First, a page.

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Looking at Terrorism and Public Health

The events of 9/11 and the subsequent anthrax attacks of 2001 changed the scope of American public health work. In response to these terrorist acts, funding flooded public health departments so they could build their emergency preparedness infrastructure.
Looking at Terrorism and Public Health

This second edition features an article by NWCPHP's Director, Susan Allan.

November 18, 2011

The events of 9/11 and the subsequent anthrax attacks of 2001 changed the scope of American public health work. In response to these terrorist acts, funding flooded public health departments so they could build their emergency preparedness infrastructure. Almost over night, local and state public health departments were developing command systems and working with first responders. The goal was to be prepared to mitigate the impacts of future acts of terrorism.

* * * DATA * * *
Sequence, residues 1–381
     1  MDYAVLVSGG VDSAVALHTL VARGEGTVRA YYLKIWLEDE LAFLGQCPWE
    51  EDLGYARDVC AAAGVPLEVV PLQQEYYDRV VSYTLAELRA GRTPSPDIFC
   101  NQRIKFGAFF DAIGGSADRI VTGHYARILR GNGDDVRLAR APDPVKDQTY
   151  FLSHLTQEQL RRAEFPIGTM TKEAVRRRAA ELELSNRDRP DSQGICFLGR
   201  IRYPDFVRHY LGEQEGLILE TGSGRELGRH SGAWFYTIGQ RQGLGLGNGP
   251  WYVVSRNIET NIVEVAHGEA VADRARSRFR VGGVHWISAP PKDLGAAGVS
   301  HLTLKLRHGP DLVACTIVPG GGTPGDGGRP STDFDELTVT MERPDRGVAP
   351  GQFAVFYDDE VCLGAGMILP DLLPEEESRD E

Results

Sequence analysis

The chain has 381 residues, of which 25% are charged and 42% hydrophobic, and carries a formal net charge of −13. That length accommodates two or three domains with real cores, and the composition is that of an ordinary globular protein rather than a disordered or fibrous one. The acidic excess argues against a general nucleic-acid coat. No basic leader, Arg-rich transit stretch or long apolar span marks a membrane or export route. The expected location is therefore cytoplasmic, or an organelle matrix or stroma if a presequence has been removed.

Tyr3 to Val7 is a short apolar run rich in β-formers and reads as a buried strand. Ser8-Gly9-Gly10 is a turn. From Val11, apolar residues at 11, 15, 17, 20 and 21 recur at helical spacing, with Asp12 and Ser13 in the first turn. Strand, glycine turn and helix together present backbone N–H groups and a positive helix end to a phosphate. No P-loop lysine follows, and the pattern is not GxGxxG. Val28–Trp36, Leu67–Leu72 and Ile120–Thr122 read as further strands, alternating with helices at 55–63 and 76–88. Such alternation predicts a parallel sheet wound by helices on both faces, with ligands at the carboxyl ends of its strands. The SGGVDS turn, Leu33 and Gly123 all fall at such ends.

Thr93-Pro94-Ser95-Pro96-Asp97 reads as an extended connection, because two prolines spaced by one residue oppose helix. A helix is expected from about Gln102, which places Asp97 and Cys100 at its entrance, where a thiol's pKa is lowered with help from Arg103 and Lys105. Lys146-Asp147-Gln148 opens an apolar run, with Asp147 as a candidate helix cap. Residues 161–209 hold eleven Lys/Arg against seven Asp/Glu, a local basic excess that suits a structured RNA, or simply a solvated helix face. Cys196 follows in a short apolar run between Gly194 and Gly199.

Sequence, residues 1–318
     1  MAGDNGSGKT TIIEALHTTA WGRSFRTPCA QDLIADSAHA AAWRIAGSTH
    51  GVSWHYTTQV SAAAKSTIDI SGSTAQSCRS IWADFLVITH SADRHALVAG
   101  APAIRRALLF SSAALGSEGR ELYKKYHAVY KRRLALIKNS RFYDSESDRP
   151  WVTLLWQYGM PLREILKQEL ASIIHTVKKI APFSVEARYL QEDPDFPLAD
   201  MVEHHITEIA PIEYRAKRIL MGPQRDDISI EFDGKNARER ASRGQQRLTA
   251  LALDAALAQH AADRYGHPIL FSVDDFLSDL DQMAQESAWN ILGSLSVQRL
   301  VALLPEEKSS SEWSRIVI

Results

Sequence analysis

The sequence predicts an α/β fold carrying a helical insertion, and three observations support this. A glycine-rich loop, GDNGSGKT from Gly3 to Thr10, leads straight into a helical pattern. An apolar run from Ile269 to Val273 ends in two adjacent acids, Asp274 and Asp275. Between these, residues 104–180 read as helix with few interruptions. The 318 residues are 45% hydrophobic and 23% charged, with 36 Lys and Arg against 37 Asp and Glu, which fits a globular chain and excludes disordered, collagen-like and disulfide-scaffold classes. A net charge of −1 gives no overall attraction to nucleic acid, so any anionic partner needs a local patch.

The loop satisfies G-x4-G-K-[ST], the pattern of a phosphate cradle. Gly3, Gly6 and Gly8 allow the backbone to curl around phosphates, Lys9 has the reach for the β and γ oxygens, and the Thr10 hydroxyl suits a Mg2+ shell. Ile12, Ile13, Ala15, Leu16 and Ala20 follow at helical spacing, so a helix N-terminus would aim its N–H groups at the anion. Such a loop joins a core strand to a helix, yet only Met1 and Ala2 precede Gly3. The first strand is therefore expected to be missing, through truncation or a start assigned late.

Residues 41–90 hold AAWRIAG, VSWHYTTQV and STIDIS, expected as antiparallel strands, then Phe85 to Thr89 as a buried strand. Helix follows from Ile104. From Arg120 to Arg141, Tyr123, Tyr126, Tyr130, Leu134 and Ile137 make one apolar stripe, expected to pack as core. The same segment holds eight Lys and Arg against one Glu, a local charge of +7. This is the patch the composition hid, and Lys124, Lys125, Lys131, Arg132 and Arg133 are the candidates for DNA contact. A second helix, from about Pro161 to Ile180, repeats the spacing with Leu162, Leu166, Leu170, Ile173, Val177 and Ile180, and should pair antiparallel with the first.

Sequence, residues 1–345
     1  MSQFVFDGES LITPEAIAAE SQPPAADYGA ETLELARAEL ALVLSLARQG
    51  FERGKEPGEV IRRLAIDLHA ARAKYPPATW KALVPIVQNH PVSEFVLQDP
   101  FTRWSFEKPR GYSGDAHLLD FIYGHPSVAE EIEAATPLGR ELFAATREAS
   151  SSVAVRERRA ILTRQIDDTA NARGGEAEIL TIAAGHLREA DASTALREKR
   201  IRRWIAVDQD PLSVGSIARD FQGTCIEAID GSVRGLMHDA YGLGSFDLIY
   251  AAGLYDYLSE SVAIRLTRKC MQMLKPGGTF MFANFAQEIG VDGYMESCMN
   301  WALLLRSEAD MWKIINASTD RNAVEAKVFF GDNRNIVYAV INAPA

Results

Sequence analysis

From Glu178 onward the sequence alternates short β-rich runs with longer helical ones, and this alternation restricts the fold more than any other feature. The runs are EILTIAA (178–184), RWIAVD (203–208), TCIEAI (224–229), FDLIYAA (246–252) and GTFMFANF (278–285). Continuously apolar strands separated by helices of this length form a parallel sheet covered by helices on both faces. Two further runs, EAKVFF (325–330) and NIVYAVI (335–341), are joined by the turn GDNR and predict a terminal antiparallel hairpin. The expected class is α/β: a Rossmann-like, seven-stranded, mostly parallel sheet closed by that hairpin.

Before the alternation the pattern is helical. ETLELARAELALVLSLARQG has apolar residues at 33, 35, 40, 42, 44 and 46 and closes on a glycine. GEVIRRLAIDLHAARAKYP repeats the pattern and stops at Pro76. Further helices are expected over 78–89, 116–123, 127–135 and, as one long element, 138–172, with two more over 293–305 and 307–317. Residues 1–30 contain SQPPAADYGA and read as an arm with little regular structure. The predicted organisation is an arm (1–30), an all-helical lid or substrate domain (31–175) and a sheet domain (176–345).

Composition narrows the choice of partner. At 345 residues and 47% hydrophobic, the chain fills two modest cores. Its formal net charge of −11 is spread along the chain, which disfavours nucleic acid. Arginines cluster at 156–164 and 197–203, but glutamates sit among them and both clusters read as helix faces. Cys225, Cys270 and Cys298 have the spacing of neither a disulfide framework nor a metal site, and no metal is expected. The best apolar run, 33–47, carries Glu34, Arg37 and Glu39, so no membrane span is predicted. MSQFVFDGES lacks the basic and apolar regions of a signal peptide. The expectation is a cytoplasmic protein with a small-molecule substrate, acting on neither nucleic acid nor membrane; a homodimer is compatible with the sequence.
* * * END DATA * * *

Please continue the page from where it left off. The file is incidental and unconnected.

In 2001, Susan Allan, MD, JD, MPH, Director of NWCPHP, was the Health Director for Arlington County, Virginia. During the events of that year, she and her staff navigated many challenges, including anthrax scares within her community (Listen to Allan's personal reflection about the events of 2001).

In the intervening years, Allan has watched public health develop its emergency preparedness identity and capacity. Some of her observations are found in a newly-released second edition of Terrorism and Public Health. Allan's article addresses the strengths and challenges of this rapid evolution of public health's role. She asks, "Has the net result of these changes been a distortion of public health priorities and funding? Or, alternatively, have these changes shocked public health departments into fundamentally reconsidering their roles and responsibilities and restructuring their programs to better serve their communities?"

The second edition of Terrorism and Public Health was released in November 2011 and is edited by Barry S. Levy and Victor W. Sidel.

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